The local press reported that more than 40,000 public sector workers were on strike across the North East, and according to local ITV news 727 schools in the North East and Cumbria were hit.
At Longbenton, which has the largest concentration of public sector workers in Europe, it was reported that around 7,000 workers joined the strike.
Strikers leaving the picket line to join the lunchtime demo in Newcastle were applauded as they got on the metro!
The mood at the march and rally in Newcastle was buoyant and defiant, even the police were estimating over 2,000 participated.
One group of teachers told us they have been accused of disrupting school children's education - but they pointed out the media didn't complain about the interruption for school students when they had the day off for the Royal wedding!
One of the strikers calculated he would have to be on strike for 388 days before he lost the amount of money he will lose through pension changes.
All the strikers we spoke to understood that this was just the beginning of the fightback, and were prepared to escalate action.
London: '80-90% of schools closed or partially closed across London - look around and feel your strength!'
The streams of people turned to rivers, and the rivers turned into a flood as delegations of striking trade unionists from all four corners of London converged on Lincoln's Inn Fields for today's London demonstration against pension robbery.
Many had already come from local rallies and picket lines in their own boroughs. There were ten different picket lines outside Lewisham schools and several PCS and UCU pickets as well.
We got our message out early to London via a live interview for LBC radio from the picket line at St Matthews Academy. From there, NUT members made their way to Lewisham Town Hall and then up to Charing Cross before marching over to an already packed Lincoln's Inn Fields.
The demonstration was good-humoured but determined, whistling and chanting as we made our way slowly through the sunshine of Central London.
"What do we want - a decent pension! When do we want it? Before we die!" seemed to go down best with the young teachers on the considerable delegation behind the Lewisham NUT banner!
The turnout was two or three times greater than we were expecting - around 20,000 PCS, ATL, UCU and NUT members marched down Whitehall to the rally at Westminster Central Hall.
Reports from Lewisham NUT members that managed to make it into Central Hall spoke of an electric atmosphere at the closing rally addressed by the general secretaries of all four striking unions.
Both in London - and at the dozens of rallies across England and Wales - the unions jointly launched a Fair Pensions for All Petition demanding that all workers and pensioners have dignity and decent living standards in retirement.
I was asked to speak at the overflow rally outside Central Hall to address the many marchers that could not make it inside the hall. Before I spoke, a Lewisham Unison member and teaching assistant explained that he had joined the rally today to show his support.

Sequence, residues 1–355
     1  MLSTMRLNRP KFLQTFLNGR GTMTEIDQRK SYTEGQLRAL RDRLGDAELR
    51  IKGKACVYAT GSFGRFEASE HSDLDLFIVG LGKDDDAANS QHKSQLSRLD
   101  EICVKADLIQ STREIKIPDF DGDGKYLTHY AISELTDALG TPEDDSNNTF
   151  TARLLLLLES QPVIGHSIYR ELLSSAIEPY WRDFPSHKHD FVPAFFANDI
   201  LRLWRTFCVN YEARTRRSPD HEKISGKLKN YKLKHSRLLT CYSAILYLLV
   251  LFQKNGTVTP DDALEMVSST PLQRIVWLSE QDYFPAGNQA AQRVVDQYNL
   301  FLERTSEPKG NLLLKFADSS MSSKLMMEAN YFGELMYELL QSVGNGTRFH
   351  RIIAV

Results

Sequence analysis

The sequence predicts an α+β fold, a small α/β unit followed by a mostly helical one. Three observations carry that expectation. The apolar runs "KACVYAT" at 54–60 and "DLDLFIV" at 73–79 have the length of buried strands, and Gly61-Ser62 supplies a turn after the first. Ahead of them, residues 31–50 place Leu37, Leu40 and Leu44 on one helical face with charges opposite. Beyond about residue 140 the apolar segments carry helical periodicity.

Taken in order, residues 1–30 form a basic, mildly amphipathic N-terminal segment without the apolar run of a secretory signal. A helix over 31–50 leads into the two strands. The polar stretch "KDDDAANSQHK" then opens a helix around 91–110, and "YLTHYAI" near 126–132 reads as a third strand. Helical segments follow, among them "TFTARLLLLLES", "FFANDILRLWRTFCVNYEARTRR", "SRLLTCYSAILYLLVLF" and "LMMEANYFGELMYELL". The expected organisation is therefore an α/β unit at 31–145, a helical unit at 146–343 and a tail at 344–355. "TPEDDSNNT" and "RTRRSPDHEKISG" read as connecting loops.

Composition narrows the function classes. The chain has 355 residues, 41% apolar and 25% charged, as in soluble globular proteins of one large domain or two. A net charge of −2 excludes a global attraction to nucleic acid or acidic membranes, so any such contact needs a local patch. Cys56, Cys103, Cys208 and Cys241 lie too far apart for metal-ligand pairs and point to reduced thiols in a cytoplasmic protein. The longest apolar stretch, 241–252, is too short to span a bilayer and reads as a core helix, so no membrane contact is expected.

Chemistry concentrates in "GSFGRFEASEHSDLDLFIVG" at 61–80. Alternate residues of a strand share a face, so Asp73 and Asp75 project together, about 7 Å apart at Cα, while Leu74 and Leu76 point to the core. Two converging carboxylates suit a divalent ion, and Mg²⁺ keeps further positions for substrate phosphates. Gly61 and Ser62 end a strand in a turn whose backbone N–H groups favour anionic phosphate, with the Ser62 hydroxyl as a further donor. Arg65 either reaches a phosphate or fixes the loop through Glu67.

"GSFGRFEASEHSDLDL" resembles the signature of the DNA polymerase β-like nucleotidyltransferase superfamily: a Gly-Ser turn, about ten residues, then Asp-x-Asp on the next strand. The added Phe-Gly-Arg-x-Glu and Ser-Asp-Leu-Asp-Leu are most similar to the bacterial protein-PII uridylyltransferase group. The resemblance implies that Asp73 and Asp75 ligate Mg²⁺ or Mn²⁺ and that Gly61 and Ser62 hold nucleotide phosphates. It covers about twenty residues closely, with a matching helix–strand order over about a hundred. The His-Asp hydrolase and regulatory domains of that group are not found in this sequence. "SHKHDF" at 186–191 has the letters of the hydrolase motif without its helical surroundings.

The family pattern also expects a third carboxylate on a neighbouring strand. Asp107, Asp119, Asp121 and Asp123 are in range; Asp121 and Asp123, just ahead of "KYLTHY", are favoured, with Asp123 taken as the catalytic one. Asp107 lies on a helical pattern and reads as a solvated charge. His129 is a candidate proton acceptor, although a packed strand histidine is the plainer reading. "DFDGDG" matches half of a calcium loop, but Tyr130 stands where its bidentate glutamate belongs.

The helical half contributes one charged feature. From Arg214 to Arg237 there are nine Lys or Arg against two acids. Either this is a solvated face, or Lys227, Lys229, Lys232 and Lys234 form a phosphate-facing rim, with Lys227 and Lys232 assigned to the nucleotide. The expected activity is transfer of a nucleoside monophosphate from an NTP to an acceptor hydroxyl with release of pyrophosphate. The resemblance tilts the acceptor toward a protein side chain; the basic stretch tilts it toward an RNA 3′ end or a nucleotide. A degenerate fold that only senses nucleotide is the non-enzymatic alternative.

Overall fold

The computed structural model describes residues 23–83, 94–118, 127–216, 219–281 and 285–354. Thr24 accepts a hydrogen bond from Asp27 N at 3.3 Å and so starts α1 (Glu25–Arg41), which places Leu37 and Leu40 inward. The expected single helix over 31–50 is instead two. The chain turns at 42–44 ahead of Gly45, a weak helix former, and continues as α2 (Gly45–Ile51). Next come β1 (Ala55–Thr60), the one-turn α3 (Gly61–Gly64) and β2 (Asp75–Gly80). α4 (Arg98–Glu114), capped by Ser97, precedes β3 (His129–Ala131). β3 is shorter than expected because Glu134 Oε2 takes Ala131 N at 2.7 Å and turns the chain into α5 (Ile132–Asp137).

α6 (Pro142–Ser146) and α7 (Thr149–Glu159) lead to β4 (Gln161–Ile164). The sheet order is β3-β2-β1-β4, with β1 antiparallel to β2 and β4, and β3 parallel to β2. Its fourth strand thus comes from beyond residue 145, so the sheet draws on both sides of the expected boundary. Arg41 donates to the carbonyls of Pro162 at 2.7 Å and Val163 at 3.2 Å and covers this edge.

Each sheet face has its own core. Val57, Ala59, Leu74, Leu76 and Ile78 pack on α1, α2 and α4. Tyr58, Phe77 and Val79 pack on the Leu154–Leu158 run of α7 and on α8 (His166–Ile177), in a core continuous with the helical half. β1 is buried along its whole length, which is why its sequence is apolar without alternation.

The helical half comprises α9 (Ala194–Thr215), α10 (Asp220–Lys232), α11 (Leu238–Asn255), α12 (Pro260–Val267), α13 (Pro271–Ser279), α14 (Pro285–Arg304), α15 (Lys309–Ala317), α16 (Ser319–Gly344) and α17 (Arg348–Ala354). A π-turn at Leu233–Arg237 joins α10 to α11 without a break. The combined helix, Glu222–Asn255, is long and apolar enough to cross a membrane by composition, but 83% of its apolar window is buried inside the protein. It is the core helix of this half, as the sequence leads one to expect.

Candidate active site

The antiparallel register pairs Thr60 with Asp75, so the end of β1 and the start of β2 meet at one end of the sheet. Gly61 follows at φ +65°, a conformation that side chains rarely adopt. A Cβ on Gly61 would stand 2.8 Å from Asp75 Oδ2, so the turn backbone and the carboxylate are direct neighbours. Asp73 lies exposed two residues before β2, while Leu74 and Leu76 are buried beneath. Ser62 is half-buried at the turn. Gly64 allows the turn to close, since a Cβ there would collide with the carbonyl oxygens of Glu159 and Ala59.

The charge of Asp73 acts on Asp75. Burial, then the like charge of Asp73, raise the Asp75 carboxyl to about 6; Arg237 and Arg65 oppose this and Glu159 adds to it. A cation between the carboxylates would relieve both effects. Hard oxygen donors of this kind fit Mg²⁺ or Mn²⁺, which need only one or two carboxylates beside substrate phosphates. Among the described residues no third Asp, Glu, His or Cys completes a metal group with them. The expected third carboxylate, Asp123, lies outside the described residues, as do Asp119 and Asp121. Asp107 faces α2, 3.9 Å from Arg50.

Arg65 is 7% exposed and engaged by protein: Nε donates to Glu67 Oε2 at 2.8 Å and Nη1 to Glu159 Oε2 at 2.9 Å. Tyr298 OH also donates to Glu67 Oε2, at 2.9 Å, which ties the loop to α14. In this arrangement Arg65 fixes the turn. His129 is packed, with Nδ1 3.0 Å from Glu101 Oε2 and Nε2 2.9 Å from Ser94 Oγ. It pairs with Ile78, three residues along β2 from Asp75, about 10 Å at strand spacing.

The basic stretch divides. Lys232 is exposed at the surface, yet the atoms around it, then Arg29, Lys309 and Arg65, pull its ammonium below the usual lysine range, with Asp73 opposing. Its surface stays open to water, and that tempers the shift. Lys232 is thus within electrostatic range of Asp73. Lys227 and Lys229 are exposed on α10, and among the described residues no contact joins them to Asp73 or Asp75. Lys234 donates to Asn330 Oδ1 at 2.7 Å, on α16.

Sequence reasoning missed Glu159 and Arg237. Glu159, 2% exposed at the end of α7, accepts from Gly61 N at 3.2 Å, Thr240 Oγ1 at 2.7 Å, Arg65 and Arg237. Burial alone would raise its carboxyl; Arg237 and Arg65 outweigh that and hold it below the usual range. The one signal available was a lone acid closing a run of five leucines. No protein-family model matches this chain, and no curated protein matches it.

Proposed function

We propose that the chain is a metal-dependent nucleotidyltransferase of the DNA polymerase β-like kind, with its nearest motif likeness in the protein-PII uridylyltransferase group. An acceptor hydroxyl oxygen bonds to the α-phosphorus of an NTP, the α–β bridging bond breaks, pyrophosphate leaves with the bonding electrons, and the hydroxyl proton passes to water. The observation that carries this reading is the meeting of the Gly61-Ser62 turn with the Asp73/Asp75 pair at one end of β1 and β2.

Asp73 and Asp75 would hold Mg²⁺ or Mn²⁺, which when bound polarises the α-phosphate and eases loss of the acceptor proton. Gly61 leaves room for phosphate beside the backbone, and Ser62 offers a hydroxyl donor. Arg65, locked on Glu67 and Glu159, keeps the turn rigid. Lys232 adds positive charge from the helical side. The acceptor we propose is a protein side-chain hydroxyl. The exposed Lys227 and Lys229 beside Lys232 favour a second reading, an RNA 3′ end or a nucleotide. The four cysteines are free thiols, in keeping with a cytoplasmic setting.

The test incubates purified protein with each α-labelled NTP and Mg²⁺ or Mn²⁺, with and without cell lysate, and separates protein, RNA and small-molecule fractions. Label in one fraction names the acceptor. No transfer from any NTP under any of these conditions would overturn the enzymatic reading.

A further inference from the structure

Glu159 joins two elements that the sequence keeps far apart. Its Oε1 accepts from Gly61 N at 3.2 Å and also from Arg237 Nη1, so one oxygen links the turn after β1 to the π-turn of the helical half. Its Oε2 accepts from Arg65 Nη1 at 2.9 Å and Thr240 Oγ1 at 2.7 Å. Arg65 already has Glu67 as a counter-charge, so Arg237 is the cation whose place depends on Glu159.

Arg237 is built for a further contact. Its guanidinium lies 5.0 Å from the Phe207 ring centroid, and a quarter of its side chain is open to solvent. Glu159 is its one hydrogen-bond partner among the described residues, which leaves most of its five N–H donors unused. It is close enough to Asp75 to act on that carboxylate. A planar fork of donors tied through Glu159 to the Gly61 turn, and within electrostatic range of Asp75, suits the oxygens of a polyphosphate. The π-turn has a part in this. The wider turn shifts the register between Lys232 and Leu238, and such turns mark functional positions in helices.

To cheers, he added that, in the autumn, Unison and other school staff unions must all be on strike together. I asked the marchers to "look around and feel your strength.
This government may have thought they were going to get away with their cuts but now they know that the trade unions are on the march. They tried to claim that 40% was a low turnout for a ballot - but teachers have voted with their feet today with 80-90% of schools closed or partially closed across London".
"The press try to claim we haven't got public support but the response from parents and drivers passing our picket lines has been excellent. People want to see someone standing up to this government's cuts at last - and that's what they see us doing today".
"In 2005-6 the threat of united action forced the last government to retreat over pensions attacks. We can do the same in 2011.
"If we strike together, then we can win together"
Martin Powell-Davies, NUT NEC
Yorkshire round up
Sheffield: strike for the alternative - socialism
The main South Yorkshire rally was held in Sheffield with delegations of striking Doncaster Council Unison members and striking Barnsley College UCU members joining the 1,000+ demo.
Earlier, Socialist Party members visited PCS pickets at eight sites including at Department for Education (DfE) and the Department for Business, Innovation and Skills (BIS), courts, Home Office and Tax Office as well as DWP offices and UCU members at Hallam University.
They then leafleted an NUT meeting.
After the meeting, teachers marched to join the rally singing Solidarity Forever. Teachers, especially young teachers, made up the bulk of the demo.
Amazingly we heard 20 speakers representing different trade unions and sections of the community. There was a feeling that the trade union movement was re-awakening, that today's strike is just the start and that this is a battle with a weak government that can be won.
Socialist Party and PCS member Robbie Faulds gave a rousing speech and final speaker of the day Marion Lloyd (Socialist Party and PCS NEC) drew loud applause when she denounced Ed Miliband and called on Unison leader Dave Prentis to ballot his members to join future public sector strikes.
Marion finished by saying that today was the strike for the alternative, and that alternative is socialism.
51 copies of the socialist were sold and three join cards filled in - a very good day!
Hull: gloves off to tackle Tories
Around 1,000 on demo, not everybody could get into the rally! March was really positive with good response from the public. Socialist Party members sold 25 papers.
Socialist Party member Mike Whale, who is the NUT branch secretary, had a 'gloves off' debate with a Tory on Radio Humberside.
Mike said: "I lost my temper with him but the journalists clapped me out of the studio!"